Concerns are growing about the potential broadening of ICR collection in the UK as governments and law enforcement agencies worldwide strive to access more data, especially in light of technological advancements. Critics, such as Haidar of Privacy International, argue that greater data collection does not necessarily result in better security for people. Instead, it exposes them to potential misuse or abuse of their data.
It seems that the fog of uncertainty surrounding the collection and use of ICRs will likely persist as the Home Office remains tight-lipped about the nature of their ongoing trials and their potential expansion. Their response to inquiries, citing the sensitivity of the information and the technical sophistication of criminal entities, suggests that the full extent of their capabilities may not be publicly disclosed anytime soon.
The Investigatory Powers Commissioner’s Office (IPCO), responsible for overseeing intelligence agencies, local authorities, and police, states that the ICR collection has been to support “small-scale trials.” However, they have been reluctant to provide any figures on the number of data retention notices issued.
An independent review of the Investigatory Powers Act will be published this summer. Despite these impending evaluations and the potentially limited application of ICRs, there has already been one notable system failure. IPCO highlighted in its 2020 annual report, published in January 2022, an incident where a telecom company, due to a technical error, supplied more data than what was authorized.
In an effort to investigate the situation further, inquiries were sent to nine of the UK’s leading internet service providers and telecom companies regarding their capabilities to create and store ICRs. Of these, eight declined to comment. TalkTalk, the only company to respond, stated that it would “meet its obligations” under UK law, but refrained from confirming or denying the existence of ICRs.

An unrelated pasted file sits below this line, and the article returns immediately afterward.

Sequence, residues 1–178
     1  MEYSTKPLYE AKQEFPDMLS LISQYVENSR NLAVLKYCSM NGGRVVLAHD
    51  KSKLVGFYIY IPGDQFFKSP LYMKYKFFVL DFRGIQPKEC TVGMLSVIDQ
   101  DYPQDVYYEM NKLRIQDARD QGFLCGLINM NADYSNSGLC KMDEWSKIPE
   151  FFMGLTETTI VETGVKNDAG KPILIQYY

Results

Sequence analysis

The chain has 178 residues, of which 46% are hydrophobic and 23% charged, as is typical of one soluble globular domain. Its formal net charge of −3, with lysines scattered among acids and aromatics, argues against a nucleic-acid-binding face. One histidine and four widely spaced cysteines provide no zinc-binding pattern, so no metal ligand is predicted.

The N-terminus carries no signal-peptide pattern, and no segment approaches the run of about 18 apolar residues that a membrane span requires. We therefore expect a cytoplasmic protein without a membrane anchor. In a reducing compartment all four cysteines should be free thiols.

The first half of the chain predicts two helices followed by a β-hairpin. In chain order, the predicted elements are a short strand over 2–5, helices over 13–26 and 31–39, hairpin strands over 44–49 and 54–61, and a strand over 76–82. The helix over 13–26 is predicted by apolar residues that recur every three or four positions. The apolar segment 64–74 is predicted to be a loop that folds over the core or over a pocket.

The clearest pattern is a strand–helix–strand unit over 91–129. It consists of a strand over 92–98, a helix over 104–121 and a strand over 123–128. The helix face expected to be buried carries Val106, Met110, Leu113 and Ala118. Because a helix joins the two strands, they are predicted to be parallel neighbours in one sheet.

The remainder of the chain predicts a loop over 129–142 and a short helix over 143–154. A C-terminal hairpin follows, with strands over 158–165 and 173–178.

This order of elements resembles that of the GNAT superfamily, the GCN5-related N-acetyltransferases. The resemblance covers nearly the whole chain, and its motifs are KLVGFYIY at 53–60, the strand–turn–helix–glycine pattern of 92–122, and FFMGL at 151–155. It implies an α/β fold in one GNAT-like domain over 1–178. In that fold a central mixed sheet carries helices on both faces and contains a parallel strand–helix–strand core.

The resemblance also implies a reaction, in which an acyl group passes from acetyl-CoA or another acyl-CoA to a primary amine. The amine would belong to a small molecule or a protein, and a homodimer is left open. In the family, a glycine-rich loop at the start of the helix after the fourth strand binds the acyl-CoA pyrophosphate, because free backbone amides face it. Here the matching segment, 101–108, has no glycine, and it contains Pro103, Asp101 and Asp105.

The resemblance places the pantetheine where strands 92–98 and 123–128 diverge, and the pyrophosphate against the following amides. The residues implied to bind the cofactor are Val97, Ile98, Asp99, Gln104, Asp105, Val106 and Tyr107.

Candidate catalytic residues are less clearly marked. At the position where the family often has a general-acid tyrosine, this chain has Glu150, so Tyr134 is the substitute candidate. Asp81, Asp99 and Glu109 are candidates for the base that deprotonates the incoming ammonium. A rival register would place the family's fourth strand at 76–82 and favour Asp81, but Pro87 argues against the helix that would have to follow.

The potential expansion of ICR collection in the UK is emblematic of a global trend wherein governments and law enforcement agencies strive to gain access to more and more data, particularly with advancing technology. This includes concerted efforts to establish encryption backdoors that could potentially grant access to people’s private communications. In the US, the FBI’s use of Section 702 of the Foreign Intelligence Surveillance Act (FISA), which allows for the interception of overseas targets’ communications, is raising a storm of controversy.
Privacy advocates, including Nour Haidar of Privacy International, argue that expanded data collection powers do not inherently lead to improved security. In Haidar’s words, “Building the data retention capabilities of companies and a vast range of government agencies doesn’t mean that intelligence operations will be enhanced.” He continues, “In fact, we argue that it makes us less secure as this data becomes vulnerable to being misused or abused.”
This evolving landscape of digital surveillance, especially the potential nationwide expansion of ICRs, represents a complex intersection of privacy rights, security needs, and technological advancement. As this story continues to unfold, the balance between these often-conflicting aspects will be crucial in shaping the future of digital privacy and security in the UK and beyond.